Peril liability related to nuclear energy in Turkey 



Global energy demand continues to increase. At the same time, the energy sector has been the top sector for foreign direct investment in Turkey for the last two years. This is due to Turkey’s geographical position, natural resources, stable growing economy, and young labour force. As the world’s energy demands are rising quickly, the need for energy and natural resources that do not harm the environment have become an important issue. To that end, countries have begun to reconsider their energy policies and the occurrence of nuclear energy and liability issues have been put on the top of their lists. The unfortunate Fukushima nuclear power plant accident has forced legislators to adopt and regulate their laws to increase safety measures and to take into consideration third party civil liability with regard to nuclear incidents.

Turkeyhas been considering the installation and operation of nuclear power plants in the provinces of Amasya and Sinop. Beside these projects, the installation of the Akkuyu nuclear power plant in Mersin was commissioned by Russia’s Rosatom as of May 2010. The construction of the site is expected to be commenced within the year. Furthermore, as has been reflected in the press, Kırklareli province is also being considered as another spot for the installation of a nuclear power plant.

The current liability situation in Turkey

The Law on Installation and Operation of Nuclear Power Stations and Sale of Energy, dated 9 November

2007 (the Nuclear Energy Law) has been put into force in order to regulate the establishment and operation of nuclear power plants within the borders of Turkey. However, this piece of legislation does not regulate any rules regarding third party civil liability or peril liability. In this regard, there are international treaties which Turkey has been party to for more than 50 years. Turkey signed the Paris Convention on 29 July 1960 and the additional protocols respectively on 10 April 1964, 16 November 1982, and finally on 12 February 2004, regarding the third party liability in the field of nuclear energy. The latest amendments – which broaden the definition of nuclear damages, increase the limits of liability and raise the claims of compensation for loss of life up to 30 years – have not yet been ratified by the Turkish Grand National Assembly. Therefore, the version of the Paris Convention revised in 1982 is still in effect.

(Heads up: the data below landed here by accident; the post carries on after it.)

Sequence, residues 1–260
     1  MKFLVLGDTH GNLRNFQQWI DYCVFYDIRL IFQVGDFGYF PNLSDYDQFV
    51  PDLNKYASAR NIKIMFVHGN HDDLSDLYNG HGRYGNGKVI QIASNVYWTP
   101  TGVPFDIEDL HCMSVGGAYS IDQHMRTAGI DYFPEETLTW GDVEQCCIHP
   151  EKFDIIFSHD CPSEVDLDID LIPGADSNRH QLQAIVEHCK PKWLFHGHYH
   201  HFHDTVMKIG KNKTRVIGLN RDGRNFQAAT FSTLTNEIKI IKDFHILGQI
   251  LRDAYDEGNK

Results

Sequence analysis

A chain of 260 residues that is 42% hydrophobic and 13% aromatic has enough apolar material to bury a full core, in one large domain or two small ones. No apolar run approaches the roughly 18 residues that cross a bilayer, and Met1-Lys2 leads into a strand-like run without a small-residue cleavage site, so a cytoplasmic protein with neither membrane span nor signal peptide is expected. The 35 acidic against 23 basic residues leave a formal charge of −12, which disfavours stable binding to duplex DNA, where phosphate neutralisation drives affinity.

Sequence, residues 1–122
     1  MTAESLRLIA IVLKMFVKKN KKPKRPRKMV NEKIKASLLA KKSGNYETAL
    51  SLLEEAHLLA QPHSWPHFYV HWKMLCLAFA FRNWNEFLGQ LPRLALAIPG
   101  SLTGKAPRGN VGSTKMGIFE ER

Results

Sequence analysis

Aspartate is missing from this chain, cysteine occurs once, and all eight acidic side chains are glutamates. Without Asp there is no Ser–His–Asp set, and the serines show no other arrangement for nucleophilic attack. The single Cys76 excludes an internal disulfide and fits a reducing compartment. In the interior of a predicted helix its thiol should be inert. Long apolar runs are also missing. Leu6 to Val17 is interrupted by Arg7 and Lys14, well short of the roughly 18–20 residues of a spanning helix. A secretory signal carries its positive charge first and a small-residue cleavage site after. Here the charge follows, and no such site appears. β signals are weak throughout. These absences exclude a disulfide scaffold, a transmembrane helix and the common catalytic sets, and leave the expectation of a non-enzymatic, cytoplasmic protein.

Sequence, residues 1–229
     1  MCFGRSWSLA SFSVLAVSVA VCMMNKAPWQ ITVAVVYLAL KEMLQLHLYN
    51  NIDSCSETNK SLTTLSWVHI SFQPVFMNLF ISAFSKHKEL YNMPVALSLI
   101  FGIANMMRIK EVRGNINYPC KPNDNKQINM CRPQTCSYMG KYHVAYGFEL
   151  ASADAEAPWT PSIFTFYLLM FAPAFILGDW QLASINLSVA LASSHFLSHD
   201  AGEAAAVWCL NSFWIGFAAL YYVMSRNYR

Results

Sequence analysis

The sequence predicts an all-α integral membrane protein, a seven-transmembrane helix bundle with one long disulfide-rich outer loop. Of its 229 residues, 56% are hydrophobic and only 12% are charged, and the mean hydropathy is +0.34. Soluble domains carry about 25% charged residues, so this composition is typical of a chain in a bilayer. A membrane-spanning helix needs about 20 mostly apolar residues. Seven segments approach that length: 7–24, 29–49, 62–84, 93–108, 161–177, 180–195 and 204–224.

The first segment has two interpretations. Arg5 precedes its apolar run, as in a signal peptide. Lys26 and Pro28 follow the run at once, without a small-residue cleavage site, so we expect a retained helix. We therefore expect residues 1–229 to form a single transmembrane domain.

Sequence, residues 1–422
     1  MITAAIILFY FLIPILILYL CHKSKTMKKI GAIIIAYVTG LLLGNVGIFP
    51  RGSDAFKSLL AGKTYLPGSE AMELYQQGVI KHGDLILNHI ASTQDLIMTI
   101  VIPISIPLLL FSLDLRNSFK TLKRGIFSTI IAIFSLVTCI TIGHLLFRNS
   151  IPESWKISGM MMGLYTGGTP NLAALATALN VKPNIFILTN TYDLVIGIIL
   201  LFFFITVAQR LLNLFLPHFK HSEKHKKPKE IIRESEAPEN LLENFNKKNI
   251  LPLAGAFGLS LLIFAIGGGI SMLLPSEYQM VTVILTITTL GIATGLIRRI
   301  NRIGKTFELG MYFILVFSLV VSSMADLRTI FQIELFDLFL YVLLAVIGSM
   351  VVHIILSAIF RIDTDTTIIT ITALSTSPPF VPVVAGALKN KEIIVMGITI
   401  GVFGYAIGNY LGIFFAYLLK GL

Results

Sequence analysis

That said, the long-awaited new Turkish Code of Obligations (New TCO) entered into force on 1 July 2012 replacing their very old predecessors and introducing the peril liability. As per the new regulated article (Article 71 of the New TCO), the peril liability is related to a facility, when the nature of its activities or the materials, tools or powers used for this activity are considered, is prone to causing frequent or dire damages regardless of any precautionary measures which may be expected to be enforced by an expert in the related field of activity. Furthermore, if a considerable risk arises due to damage borne as a result of the operation of a facility, the owner of the facility and the operator of the facility are deemed as jointly liable with regard to such damage.

There is no doubt that the operations of nuclear power plants embody huge risks and the estimated results would be considered within the scope of the above-given article of the New TCO. However, since the New TCO fails to bring specific provisions with regard to the nuclear installations, the Paris Convention will remain the leading and foremost legislation for nuclear incidents.